BC Cancer Agency Hereditary Cancer Program

We would like to clarify an apparent misconception that the Hereditary Cancer Program is no longer operational. We are still accepting referrals for families at high risk of breast and ovarian cancer, hereditary colon cancer, and other cancer syndromes including medullary thyroid cancer, retinoblastoma, Li Fraumeni, and Von Hippel Lindau.

Since 1997 the BC Cancer Agency has offered a comprehensive program, which includes education, genetic counseling, laboratory testing, clinical follow-up, and outcome evaluation. To date more than 2000 families have been seen in the program, the majority at high risk for breast and ovarian cancer.

Inherited mutations in the BRCA1 or BRCA2 genes greatly increase one’s lifetime risk of developing breast and ovarian cancer. In April 2001, Myriad Genetics successfully obtained Canadian patents for BRCA1 and BRCA2. In July 2001, they served legal notice to the Ministry of Health Services that the BC Cancer Agency was infringing on their patent rights. The Ministry of Health Services instructed the BC Cancer Agency to discontinue laboratory testing for BRCA1 and BRCA2.

All components of our program remain operational except for laboratory testing for BRCA1 And BRCA2. Families should continue to be referred for genetic counseling so that they can understand the likelihood of whether a mutation exists in the family and make an informed decision regarding whether to pursue laboratory testing. Testing is helpful in stratifying an individual’s lifetime risk of developing cancer. For extremely high-risk women, we discuss the pros and cons of screening and early detection versus prophylactic surgery, regardless of whether they choose testing. Not everyone pursues testing as there are ethical issues and a potential for social, insurance, and employment discrimination. If laboratory testing is desired then the individual has to pay Myriad Genetics a fee of $3850. Testing is important but it is only one component of the program.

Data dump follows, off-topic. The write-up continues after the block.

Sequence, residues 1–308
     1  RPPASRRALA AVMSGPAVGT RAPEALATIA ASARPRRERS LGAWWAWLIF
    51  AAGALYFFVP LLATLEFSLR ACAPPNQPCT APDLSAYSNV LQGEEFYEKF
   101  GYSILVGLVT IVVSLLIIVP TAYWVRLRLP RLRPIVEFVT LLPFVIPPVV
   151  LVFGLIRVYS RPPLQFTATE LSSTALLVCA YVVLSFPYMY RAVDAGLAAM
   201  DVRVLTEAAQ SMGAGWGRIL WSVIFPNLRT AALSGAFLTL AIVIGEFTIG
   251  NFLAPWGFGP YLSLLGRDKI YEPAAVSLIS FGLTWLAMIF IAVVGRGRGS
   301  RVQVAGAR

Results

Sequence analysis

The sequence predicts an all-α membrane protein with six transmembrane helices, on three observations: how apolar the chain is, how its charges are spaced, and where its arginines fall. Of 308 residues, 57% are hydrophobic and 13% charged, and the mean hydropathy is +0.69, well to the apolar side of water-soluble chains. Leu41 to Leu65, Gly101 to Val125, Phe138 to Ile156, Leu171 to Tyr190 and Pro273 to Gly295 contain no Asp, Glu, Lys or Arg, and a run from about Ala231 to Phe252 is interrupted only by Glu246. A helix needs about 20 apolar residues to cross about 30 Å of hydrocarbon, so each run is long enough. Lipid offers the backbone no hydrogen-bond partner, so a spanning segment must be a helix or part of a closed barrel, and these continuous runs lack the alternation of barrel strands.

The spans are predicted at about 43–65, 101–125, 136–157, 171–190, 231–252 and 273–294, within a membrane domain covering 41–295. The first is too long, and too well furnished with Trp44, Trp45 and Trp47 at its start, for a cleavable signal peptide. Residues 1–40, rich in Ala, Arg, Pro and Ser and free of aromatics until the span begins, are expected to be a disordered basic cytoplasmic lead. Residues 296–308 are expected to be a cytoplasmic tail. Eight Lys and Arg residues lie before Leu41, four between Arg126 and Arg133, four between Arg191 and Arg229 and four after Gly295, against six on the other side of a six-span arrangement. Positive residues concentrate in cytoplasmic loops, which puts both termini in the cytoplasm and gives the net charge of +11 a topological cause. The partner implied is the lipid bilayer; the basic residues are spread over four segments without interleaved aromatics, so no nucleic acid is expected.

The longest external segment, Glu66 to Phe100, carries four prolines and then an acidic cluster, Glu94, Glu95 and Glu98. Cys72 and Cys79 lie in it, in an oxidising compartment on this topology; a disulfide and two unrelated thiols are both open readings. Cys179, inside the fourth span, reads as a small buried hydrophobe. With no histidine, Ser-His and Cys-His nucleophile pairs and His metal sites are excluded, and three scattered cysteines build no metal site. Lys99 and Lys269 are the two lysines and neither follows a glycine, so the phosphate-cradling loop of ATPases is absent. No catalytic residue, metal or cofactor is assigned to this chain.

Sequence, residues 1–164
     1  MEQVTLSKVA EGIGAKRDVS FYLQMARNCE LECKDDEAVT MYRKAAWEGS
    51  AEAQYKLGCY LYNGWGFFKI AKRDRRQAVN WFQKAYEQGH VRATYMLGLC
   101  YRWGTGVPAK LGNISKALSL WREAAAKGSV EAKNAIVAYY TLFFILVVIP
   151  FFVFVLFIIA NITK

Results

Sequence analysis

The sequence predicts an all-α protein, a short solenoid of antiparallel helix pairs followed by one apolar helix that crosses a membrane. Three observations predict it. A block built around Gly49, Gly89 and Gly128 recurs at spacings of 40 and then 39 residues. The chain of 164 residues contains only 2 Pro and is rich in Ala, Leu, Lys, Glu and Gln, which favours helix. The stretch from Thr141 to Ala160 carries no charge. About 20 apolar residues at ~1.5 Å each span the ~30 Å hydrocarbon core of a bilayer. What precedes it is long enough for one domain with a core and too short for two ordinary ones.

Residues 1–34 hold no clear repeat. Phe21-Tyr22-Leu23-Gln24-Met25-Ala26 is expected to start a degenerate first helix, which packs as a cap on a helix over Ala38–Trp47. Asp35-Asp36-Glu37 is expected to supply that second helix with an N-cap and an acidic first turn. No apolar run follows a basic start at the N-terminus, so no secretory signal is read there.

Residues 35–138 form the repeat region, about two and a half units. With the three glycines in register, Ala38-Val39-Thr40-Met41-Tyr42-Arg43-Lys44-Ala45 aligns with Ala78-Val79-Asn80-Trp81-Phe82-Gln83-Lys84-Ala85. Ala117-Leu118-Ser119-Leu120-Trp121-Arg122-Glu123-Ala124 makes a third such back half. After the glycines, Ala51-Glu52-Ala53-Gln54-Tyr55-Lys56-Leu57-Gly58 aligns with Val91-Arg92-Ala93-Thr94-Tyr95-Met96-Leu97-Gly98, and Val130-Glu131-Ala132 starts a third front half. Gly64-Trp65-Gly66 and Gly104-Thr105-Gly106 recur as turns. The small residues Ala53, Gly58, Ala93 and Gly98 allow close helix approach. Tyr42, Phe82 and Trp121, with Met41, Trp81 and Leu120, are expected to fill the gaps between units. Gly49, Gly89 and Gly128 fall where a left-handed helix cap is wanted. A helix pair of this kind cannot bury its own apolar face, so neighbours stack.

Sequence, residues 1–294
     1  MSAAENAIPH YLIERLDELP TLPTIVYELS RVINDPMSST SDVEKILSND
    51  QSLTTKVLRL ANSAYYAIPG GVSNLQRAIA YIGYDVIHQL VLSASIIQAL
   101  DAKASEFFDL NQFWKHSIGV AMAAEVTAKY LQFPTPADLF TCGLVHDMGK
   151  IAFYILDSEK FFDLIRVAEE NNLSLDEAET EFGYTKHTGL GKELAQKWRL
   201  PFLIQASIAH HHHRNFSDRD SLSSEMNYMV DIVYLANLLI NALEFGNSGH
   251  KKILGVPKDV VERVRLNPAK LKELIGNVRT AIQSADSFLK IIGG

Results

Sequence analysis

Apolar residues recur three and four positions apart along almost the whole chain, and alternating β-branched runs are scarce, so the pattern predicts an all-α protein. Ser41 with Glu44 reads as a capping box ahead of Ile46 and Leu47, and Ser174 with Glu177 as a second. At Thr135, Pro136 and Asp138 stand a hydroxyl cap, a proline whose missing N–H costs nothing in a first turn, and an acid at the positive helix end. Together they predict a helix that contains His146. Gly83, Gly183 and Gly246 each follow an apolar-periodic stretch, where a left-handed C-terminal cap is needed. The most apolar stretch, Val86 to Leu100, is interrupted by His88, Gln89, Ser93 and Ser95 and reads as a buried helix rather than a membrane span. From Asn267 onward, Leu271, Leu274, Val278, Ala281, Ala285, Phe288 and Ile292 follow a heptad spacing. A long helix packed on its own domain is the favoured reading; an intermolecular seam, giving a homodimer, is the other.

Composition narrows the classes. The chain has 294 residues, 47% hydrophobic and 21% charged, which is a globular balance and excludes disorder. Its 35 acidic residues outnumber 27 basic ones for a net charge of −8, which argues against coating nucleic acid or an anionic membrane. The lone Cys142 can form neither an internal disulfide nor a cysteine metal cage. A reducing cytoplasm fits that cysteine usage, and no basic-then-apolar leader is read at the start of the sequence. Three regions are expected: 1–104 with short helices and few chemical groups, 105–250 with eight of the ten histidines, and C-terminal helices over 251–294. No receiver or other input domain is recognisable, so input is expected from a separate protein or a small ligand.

Families in Alberta and Ontario are still able to have testing done in those provinces. France has instituted a legal challenge on the validity of the patent. It will be a few years before we know the outcome of the challenge. There is a huge ethical debate on the ability to patent genes. Is the ability to sequence a gene a discovery or an invention? If genes are patented there will be a significant cost impact on health care in the future.

—Charmaine Kim-Sing, MD
Medical Leader
—Doug Horsman, MD
Hereditary Cancer Program

Charmaine Kim-Sing, MD, ChB, FRCPC, Doug Horsman, MD. BC Cancer Agency Hereditary Cancer Program. BCMJ, Vol. 44, No. 4, May, 2002, Page(s) 173-174 - Letters.

Above is the information needed to cite this article in your paper or presentation. The International Committee of Medical Journal Editors (ICMJE) recommends the following citation style, which is the now nearly universally accepted citation style for scientific papers:
Halpern SD, Ubel PA, Caplan AL, Marion DW, Palmer AM, Schiding JK, et al. Solid-organ transplantation in HIV-infected patients. N Engl J Med. 2002;347:284-7.

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